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A Novel Hydraulic Heat Engine Based on Ferrofluid Displacer With Applications in Solar Power Generation

[+] Author Affiliations
Mohsen Saadat, Mehdi Mirzakhanloo, Mohammad-Reza Alam

University of California Berkeley, Berkeley, CA

Pieter Gagnon

National Renewable Energy Lab. (NREL), Golden, CO

Paper No. DSCC2017-5286, pp. V003T43A004; 9 pages
  • ASME 2017 Dynamic Systems and Control Conference
  • Volume 3: Vibration in Mechanical Systems; Modeling and Validation; Dynamic Systems and Control Education; Vibrations and Control of Systems; Modeling and Estimation for Vehicle Safety and Integrity; Modeling and Control of IC Engines and Aftertreatment Systems; Unmanned Aerial Vehicles (UAVs) and Their Applications; Dynamics and Control of Renewable Energy Systems; Energy Harvesting; Control of Smart Buildings and Microgrids; Energy Systems
  • Tysons, Virginia, USA, October 11–13, 2017
  • Conference Sponsors: Dynamic Systems and Control Division
  • ISBN: 978-0-7918-5829-5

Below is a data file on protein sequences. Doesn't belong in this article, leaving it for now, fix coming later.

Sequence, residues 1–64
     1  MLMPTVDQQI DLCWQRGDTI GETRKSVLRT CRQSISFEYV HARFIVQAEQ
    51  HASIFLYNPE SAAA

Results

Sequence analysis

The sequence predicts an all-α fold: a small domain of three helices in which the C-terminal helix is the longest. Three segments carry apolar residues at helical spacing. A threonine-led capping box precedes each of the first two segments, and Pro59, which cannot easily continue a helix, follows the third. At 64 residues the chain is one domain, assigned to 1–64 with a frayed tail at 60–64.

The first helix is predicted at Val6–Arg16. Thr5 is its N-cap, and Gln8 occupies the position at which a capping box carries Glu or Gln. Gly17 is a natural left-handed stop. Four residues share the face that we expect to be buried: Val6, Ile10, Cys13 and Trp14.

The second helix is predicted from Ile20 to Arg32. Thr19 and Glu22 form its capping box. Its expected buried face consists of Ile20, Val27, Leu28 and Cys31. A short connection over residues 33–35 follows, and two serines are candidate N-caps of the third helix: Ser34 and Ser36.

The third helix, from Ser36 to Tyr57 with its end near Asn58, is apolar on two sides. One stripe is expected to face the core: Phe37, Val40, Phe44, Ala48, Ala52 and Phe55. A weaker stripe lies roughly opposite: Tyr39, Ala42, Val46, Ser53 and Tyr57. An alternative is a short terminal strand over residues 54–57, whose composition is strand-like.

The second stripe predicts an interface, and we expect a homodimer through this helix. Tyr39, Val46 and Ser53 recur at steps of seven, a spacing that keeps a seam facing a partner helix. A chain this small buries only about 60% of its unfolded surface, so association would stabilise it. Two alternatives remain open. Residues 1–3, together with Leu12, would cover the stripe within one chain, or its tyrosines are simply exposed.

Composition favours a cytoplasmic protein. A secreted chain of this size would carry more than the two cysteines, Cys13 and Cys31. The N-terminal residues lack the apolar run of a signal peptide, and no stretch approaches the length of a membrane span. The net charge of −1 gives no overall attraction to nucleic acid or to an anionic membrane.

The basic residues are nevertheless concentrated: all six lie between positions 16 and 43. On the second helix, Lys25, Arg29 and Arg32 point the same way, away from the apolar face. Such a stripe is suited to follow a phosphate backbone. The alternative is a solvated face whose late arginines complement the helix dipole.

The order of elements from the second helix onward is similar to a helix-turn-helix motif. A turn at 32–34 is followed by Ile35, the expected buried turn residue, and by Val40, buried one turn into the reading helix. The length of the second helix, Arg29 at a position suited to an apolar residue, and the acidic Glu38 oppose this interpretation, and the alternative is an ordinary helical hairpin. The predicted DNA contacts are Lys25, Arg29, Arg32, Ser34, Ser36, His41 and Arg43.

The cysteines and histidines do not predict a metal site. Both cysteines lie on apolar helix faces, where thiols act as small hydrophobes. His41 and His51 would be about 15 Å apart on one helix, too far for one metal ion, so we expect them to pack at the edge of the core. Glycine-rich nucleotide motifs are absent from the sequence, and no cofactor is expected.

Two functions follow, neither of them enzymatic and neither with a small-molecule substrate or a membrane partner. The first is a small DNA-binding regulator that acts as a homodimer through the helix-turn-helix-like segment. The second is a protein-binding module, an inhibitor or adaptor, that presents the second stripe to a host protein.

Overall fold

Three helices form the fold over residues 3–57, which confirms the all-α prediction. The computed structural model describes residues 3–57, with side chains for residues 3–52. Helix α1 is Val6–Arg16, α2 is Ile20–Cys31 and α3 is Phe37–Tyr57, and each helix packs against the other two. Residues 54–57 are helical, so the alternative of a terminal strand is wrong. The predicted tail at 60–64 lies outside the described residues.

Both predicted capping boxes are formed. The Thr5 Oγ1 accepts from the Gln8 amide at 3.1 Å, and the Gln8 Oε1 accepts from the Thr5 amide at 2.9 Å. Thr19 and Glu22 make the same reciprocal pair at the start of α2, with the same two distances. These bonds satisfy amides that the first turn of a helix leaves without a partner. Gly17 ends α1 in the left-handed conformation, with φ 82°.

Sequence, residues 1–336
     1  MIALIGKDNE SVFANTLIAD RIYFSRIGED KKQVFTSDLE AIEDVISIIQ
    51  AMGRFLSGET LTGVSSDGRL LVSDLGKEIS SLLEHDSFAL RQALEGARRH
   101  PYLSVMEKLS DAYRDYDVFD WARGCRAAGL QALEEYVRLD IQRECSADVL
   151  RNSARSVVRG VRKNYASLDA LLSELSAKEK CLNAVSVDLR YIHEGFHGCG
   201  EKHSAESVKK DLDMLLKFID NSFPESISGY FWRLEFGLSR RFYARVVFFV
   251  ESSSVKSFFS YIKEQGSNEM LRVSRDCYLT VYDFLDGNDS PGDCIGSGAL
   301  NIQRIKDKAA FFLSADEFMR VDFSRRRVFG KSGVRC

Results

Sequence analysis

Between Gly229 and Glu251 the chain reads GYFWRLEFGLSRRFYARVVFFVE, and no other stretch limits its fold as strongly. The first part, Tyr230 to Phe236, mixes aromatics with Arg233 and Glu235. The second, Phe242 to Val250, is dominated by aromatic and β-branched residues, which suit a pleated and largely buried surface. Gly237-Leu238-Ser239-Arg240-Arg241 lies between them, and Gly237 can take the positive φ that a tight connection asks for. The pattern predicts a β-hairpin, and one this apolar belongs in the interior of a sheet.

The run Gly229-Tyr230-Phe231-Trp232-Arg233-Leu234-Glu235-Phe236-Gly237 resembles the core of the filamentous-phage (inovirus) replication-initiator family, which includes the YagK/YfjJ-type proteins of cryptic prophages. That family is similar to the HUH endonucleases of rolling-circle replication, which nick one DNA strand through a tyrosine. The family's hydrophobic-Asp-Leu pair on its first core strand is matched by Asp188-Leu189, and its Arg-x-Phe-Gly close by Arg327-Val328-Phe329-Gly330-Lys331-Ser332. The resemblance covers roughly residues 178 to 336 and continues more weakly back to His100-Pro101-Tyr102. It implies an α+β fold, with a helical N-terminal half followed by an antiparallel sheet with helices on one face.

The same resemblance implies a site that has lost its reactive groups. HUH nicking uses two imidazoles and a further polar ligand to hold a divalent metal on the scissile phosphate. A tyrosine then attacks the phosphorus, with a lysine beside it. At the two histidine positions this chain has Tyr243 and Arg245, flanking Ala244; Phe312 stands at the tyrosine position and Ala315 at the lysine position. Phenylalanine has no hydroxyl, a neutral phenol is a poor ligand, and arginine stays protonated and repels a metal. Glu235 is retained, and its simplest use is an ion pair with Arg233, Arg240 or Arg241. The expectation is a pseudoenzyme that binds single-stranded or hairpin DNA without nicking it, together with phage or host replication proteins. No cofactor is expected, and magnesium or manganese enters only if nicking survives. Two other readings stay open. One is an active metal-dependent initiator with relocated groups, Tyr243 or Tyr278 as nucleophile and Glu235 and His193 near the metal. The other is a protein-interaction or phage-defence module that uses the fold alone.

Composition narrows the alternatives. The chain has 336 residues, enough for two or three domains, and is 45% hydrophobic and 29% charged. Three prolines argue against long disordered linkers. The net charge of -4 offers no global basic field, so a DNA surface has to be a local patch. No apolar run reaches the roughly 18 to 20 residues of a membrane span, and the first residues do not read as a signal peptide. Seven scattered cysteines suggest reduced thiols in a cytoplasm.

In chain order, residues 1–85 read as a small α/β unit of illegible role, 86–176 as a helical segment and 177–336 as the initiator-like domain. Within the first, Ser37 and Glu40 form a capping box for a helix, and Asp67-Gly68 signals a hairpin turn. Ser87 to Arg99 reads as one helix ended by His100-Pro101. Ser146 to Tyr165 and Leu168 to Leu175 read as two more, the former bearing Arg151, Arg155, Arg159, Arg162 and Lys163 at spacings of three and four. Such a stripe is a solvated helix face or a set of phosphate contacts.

• Copyright © 2017 by ASME


Conventional closed cycle heat engines — such as Stirling engines — have many advantages, such as high theoretical efficiency and the ability to produce useful work out of any heat source. However, they suffer from low power density due to poor heat transfer capability between the working gas and its surrounding walls. In this work, we proposed a new architecture where the solid displacer of a Stirling engine is replaced with a ferrofluid liquid displacer. In this approach, the relative displacer location with respects to the engine chamber is controlled (and stabilized) through a strong magnetic field generated by a permanent magnet. The liquid nature of the displacer allows the hot and cold chambers of the engine to be filled with porous material, improving the heat transfer by an order of magnitude. Additionally, this engine architecture mitigates sealing issues, can operate at higher pressures, and has naturally lubricating surfaces. A relatively simple configuration of this idea is modeled in this work. Exploratory dynamic simulations of this unoptimized architecture show a thermal efficiency of 21% and a power density of approximately 700W/lit.

Copyright © 2017 by ASME



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